each of the text files?  Even the inactive ones?

A hundred or so ascii files in the world file is one thing.  But
thousands of players, each maybe 3k (which I doubt, taking into
account descriptions, equipment, aliases... unless these are separate
files).  You're saying this won't bring normal servers to a crawl
during boot?  It'll thrash the disk like mad, particularly in a
heavily used environment.  Worse, the OS's cache won't be able to
predict the next file to read, so readahead won't help (unlike binary,
where it can readahead in the binary file itself).

> >You love those numbers, yet they mean nothing.  As I stated above,
> >they are not very relevant to the ascii pfile situation.
> It took 2.6 seconds when nothing (at all, including the directory
> structure, most MUDs would have some cached) was in the cache, .8 seconds
> when everything was in the cache. (Including the overhead of the
> 'bin/circle -c' call and loading the 1 megabyte circlemud binary.)  That is
> still one megabyte per second when uncached, and most of those are small
> files.  I expect ASCII pfiles to be around 1-3k so they would be parsed
> fast enough.  (I have IDE drives if you wonder.)

Again, you're running on a devoted system, with no other muds loaded,
on a highend system.  Not all muds in the real world are so lucky.
That is why I said the numbers weren't very relevant -- not just
because of the file sizes, but also because of the server type.

We can argue this on any level you want; file system, disk cache,
physical disk, whatever.  A big issue is fragmentation resulting from
their being a large number of ascii files.  Since you untarred the
circle source at one time, there will be a fair amount of physical
nearness on the disk of the files.  That will reduce disk time a fair
bit because seek times won't be an issue.

Try this.  Run updatedb at the same time as booting the mud.  Do it on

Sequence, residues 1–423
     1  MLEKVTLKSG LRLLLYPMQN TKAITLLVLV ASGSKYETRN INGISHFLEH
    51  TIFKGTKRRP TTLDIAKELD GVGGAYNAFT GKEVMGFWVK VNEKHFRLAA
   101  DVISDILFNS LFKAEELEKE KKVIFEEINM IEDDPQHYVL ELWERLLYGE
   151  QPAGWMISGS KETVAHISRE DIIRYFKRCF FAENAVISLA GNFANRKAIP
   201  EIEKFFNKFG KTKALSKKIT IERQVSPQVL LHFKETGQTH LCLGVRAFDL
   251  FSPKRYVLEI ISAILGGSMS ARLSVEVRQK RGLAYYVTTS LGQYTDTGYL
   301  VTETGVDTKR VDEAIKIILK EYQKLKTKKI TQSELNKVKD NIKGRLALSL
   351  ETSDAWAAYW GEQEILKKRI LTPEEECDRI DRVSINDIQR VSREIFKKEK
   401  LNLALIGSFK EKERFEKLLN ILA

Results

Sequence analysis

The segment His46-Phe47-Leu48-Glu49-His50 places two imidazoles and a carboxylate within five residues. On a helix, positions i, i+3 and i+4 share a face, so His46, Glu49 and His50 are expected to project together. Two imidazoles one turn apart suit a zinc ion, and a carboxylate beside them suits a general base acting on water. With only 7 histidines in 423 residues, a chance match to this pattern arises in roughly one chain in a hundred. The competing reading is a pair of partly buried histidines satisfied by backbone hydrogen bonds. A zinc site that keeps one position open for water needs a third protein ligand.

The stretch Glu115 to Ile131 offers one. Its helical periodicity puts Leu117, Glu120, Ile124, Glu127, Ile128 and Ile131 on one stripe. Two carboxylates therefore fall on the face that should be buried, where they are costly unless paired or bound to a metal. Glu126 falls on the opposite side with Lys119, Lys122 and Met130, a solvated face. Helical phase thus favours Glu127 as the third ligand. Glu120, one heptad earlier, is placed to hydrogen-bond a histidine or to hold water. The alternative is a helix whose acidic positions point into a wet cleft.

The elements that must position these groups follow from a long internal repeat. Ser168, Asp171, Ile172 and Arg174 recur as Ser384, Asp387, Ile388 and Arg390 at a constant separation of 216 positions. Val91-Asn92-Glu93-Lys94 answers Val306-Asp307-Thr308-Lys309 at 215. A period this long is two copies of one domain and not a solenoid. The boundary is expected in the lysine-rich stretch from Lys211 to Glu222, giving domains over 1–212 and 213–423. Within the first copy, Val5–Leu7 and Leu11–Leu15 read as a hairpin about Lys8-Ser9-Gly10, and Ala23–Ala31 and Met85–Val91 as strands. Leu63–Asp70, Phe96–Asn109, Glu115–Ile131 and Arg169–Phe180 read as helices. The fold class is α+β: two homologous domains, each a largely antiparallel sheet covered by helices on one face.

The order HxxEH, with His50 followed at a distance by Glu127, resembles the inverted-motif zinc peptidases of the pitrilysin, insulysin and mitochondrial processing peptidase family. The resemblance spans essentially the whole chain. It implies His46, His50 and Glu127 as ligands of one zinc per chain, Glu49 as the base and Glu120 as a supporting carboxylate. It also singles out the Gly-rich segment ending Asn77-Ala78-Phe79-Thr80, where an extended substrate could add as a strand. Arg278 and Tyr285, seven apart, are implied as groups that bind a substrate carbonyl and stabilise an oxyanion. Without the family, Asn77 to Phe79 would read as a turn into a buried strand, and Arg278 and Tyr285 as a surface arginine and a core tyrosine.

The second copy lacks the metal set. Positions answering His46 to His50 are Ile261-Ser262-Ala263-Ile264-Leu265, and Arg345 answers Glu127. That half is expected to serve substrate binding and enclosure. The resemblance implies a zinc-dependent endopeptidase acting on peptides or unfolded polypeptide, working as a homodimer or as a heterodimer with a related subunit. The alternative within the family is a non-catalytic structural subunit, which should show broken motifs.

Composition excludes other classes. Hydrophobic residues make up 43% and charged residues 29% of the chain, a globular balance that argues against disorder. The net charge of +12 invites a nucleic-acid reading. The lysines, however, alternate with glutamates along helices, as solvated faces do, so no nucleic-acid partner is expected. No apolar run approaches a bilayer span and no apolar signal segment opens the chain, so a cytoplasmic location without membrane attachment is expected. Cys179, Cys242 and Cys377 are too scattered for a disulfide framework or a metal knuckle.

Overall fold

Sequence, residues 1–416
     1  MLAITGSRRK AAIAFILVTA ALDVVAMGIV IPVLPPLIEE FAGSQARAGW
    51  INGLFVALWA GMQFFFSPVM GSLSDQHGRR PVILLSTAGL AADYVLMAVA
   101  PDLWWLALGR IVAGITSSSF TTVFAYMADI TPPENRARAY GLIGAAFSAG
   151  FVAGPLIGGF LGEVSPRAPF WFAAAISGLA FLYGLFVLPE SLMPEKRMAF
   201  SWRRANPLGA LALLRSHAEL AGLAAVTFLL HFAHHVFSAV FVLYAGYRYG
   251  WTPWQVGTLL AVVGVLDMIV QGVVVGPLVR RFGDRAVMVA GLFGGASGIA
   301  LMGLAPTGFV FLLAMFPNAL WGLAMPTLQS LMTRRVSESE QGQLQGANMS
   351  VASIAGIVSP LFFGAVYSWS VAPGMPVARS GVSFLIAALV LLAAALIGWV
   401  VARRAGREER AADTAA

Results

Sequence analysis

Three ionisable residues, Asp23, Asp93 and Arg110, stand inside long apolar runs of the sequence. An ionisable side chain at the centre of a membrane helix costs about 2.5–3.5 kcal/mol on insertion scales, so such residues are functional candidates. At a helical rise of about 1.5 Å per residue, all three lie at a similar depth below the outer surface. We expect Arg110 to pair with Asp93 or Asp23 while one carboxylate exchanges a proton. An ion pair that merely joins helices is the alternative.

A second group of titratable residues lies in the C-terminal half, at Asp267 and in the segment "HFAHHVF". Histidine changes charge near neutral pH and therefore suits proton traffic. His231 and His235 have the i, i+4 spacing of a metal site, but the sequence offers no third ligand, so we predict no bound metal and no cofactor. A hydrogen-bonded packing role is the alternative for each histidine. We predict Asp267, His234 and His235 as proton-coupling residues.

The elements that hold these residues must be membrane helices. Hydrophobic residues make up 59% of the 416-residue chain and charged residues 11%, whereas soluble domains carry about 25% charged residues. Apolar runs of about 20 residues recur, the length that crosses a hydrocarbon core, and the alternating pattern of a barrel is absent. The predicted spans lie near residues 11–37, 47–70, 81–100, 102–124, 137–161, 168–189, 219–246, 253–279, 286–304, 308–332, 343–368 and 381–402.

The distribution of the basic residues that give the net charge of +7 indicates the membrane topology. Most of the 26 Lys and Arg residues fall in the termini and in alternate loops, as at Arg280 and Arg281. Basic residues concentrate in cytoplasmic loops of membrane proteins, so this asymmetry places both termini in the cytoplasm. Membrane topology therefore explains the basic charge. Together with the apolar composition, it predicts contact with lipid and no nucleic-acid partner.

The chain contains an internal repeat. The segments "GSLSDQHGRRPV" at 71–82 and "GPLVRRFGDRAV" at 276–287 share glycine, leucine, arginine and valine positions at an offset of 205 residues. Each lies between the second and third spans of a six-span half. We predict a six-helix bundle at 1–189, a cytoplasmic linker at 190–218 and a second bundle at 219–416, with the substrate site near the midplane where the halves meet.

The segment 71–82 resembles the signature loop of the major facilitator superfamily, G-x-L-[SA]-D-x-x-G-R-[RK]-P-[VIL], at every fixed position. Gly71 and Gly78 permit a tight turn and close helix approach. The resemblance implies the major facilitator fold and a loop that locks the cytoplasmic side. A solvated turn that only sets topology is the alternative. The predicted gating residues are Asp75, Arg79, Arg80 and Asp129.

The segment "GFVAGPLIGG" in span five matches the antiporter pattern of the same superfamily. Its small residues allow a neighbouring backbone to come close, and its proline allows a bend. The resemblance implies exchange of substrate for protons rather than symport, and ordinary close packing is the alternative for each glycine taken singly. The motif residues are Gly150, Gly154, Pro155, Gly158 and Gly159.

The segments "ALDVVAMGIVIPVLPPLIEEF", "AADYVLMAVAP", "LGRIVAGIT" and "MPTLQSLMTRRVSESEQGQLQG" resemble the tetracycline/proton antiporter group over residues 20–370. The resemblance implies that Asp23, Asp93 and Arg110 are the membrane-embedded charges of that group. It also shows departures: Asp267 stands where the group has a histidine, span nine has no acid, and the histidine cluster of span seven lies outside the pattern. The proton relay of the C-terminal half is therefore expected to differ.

a freshly rebooted system.  Maybe have netscape loading at the same
time, and circle compiling.  That will give you an environment more
representative of the real world.

> >> If the interface is the same, there will be no difference to patches unless
> >> they deal directly with the store_to_char/char_to_store type routines.
> >
> >Or unless they add entries to char_data that need to be stored, then
> >patches much be applied in two places (though the binary system is
> >simple except for the issue of database conversion, which is one of
> >ascii pfiles' strong points).
> char_data doesn't matter, char_file_u does, and there's spares they should
> use anyway.  Those spares can be automatically taken care of.

Reread the first line -- entries to char_data that _need to be
stored_.  Which implies some kind of storage in char_file_u.

Now, as for using spares -- are you saying the ascii pfiles should
have tags like "Spare01: " and such?  That way they end up
uneditable.  There will have to be something lower that char_data
dealing with all new char_file_u entries.  They will need entries
somewhere in the interface between the ascii pfiles and the
char_file_u translation.

James Turner